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This is the 6th generation of the venerable hard drive-based iPod that Apple never fails to include. Although a generation old as we speak, (since the new iPod Classic is already available but not for review at this moment), this series offers unmatched storage. Although the Classic is a decent video player it is aimed at the audiophile who wants to carry his entire collection of music with him. The 1.8-inch hard drive offers 120 GB of storage; more than any other PMP in the market. This means you can carry not just lossy MP3 files, but Apple Lossless (ALAC) files as well, giving audiophiles one less lament about the loss of finer detail that occurs with compression. The Classic is very well built though the scratch-prone chromed rear is still a killjoy. The screen has seen some revamping and its 2.5-inch display looks pretty crisp and clear with great colours – just what the doctor ordered for video playback. Fonts are clear and ultra legible and video playback is sweet, the only two cons being the smaller (compared to the iPod Touch) screen and of course the fact that videos need to be synced through iTunes.
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This is a superb PMP for discerning music lovers – the overall aural representation remains very tonally neutral and if anything the Classic is actually a little more focussed on the highs than most other PMPs. But that’s not to say the mid-range and bass lacks in any way. Bass is detailed and punchy without any sort of bloat and individual bass notes have the necessary impact. The mid-range is detailed and clear, leaning slightly to the lush side of things. I say it focuses on the highs because it does so well with the higher frequencies which are detailed, and extends without any audible cut-off but there’s also no sibilance – the Classic exerts total control over the sonic spectrum. Especially noticeable on the U2 track ~Where The Streets Have No Name~ Bono’s vocals can sound sibilant and uncontrolled at times but not on the Classic. The opening drum scores on this track also had noticeable weight and there was a textural richness to the bass. It also has noticeably more power than the Nano and will drive around 10 percent higher volume levels.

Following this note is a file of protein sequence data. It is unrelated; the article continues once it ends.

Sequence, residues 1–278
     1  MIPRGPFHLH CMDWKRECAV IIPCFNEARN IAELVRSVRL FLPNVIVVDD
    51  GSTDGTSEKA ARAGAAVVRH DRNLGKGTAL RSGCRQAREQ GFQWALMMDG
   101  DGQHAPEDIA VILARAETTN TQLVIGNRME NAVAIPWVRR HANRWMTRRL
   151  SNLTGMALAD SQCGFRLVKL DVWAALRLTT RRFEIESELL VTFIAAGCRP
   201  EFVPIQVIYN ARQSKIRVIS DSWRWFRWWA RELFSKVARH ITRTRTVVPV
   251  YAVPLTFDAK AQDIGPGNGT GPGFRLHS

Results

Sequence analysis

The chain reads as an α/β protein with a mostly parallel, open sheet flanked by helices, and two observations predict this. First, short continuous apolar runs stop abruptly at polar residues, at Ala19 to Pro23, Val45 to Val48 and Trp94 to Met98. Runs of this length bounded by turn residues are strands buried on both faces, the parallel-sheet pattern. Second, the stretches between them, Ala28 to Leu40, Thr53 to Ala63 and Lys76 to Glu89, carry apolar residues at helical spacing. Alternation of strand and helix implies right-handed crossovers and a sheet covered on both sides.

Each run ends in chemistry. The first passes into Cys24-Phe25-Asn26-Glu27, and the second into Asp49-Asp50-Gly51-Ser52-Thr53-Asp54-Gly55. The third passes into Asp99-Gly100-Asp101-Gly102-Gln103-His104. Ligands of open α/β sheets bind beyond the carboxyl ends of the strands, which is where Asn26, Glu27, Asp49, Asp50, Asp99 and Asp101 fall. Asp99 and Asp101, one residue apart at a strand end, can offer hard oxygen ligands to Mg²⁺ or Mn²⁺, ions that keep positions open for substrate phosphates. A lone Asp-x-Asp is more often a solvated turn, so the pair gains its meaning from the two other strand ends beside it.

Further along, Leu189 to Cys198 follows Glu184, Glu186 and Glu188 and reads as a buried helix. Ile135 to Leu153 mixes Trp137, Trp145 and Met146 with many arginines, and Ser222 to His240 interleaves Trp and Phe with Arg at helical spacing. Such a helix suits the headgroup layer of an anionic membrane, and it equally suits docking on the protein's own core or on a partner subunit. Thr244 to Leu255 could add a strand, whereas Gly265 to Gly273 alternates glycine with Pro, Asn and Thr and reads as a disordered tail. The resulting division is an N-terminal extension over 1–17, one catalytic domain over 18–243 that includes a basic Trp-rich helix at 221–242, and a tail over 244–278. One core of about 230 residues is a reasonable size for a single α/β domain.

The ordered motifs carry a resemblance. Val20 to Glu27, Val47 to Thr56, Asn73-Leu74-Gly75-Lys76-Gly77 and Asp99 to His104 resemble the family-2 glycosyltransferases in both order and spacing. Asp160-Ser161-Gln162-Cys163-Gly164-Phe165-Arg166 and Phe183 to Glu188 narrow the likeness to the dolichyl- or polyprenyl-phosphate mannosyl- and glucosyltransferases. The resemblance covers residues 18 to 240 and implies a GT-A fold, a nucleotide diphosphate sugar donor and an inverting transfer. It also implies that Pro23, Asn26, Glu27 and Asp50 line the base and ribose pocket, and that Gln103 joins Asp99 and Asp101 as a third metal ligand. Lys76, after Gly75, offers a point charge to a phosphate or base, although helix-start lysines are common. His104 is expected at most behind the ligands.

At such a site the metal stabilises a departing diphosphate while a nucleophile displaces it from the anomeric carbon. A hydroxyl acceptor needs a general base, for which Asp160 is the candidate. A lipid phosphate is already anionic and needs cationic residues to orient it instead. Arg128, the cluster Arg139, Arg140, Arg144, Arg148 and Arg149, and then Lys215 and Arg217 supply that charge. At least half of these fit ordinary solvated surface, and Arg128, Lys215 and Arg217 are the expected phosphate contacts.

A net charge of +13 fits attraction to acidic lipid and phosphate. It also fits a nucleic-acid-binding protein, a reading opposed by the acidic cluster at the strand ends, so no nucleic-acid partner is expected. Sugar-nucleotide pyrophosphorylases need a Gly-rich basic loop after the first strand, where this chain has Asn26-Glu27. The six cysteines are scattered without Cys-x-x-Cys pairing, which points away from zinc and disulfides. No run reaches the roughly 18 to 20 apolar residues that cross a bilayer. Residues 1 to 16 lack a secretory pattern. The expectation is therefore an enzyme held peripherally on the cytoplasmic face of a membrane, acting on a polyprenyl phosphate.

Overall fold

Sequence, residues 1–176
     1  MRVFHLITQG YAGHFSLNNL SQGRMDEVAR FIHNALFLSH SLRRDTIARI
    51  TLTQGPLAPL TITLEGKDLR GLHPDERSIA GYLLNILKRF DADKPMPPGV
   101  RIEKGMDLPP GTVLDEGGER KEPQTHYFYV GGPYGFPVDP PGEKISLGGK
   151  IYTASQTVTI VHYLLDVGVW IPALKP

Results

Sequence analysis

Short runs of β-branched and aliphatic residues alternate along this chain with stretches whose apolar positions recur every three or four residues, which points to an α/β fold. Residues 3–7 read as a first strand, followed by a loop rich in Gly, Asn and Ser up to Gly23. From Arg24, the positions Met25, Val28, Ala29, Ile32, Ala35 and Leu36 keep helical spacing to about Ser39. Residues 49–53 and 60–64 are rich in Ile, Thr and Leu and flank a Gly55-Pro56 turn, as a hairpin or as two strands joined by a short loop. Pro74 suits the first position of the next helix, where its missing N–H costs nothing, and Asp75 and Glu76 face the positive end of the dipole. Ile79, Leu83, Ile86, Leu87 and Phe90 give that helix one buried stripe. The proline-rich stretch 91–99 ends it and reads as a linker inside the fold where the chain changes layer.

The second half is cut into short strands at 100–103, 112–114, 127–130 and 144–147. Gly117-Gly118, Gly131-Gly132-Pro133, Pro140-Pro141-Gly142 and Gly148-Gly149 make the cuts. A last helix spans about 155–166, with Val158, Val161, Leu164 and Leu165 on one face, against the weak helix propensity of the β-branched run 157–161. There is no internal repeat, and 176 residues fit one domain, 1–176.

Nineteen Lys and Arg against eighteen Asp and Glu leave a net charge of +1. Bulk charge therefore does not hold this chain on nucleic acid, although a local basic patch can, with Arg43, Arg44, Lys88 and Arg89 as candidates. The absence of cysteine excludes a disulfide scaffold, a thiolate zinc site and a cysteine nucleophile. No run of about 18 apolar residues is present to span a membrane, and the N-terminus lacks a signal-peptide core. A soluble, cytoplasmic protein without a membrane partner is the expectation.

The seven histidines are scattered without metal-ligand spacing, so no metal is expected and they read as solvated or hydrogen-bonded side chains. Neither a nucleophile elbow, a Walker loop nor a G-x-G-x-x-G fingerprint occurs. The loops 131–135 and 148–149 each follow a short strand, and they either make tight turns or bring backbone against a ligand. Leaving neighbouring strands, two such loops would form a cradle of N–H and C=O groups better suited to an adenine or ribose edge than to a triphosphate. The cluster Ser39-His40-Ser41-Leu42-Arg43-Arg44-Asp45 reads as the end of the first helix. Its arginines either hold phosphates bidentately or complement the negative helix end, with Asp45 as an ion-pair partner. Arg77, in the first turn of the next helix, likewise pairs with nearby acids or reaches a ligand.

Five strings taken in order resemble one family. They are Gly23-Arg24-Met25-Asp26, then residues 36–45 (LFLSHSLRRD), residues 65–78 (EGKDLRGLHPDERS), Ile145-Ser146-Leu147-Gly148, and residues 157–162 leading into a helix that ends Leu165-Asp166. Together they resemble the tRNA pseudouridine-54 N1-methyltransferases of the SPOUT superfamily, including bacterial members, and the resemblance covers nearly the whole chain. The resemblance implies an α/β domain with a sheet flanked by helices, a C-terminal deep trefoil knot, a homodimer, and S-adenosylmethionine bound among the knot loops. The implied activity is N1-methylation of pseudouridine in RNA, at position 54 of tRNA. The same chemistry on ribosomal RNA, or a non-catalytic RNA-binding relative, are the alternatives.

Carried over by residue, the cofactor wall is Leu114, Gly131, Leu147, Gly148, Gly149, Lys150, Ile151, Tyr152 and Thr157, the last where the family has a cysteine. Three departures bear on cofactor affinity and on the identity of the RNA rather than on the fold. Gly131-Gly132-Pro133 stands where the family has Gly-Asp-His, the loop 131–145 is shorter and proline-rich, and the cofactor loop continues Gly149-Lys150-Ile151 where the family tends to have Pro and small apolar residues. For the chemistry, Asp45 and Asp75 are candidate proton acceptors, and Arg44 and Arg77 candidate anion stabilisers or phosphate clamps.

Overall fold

At Rs. 15,400, the Classic is a steal of a deal, especially considering the performance and unmatched storage space. When you consider that Apple has just announced a new 160 GB version at the same price things get sweeter. It’s certainly not for someone who wants something really compact and pocket able but for the road-warrior audiophile it can’t get much better.
|Compact and affordable|
|The chunky wonder|
|Pocketful of sound|
|Jack of all trades|
|The apple of our eye|
|No use hanging around this aria|
|Not major league material|
|Oh boy! Was our reaction|
|Affordable for sure, but we expected more|